Front Pediatr. 2021 Apr 1;9:590969. doi: 10.3389/fped.2021.590969. eCollection 2021.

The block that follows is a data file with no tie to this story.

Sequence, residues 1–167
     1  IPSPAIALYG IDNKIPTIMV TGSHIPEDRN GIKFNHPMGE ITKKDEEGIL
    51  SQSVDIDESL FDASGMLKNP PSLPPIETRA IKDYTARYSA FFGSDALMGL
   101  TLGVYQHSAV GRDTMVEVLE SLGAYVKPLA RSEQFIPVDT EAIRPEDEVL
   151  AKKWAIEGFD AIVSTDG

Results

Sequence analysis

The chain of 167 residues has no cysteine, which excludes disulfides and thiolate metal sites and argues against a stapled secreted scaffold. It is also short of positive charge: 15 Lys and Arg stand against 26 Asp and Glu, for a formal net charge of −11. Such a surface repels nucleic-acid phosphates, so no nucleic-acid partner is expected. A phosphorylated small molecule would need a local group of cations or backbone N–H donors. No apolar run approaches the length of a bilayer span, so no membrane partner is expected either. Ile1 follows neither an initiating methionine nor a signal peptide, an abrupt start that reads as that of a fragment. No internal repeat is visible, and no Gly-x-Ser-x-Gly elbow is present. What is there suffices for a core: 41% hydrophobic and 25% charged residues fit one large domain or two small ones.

Bacterial infections remain a major cause of morbidity and mortality in the neonatal period. Therefore, many neonates, including late preterm and term neonates, are exposed to antibiotics in the first weeks of life. Data on the importance of inter-individual differences and disease signatures are accumulating. Differences that may potentially influence treatment requirement and success rate. However, currently, many neonates are treated following a "one size fits all" approach, based on general protocols and standard antibiotic treatment regimens. Precision medicine has emerged in the last years and is perceived as a new, holistic, way of stratifying patients based on large-scale data including patient characteristics and disease specific features. Specific to sepsis, differences in disease susceptibility, disease severity, immune response and pharmacokinetics and -dynamics can be used for the development of treatment algorithms helping clinicians decide when and how to treat a specific patient or a specific subpopulation. In this review, we highlight the current and future developments that could allow transition to a more precise manner of antibiotic treatment in late preterm and term neonates, and propose a research agenda toward precision medicine for neonatal bacterial infections.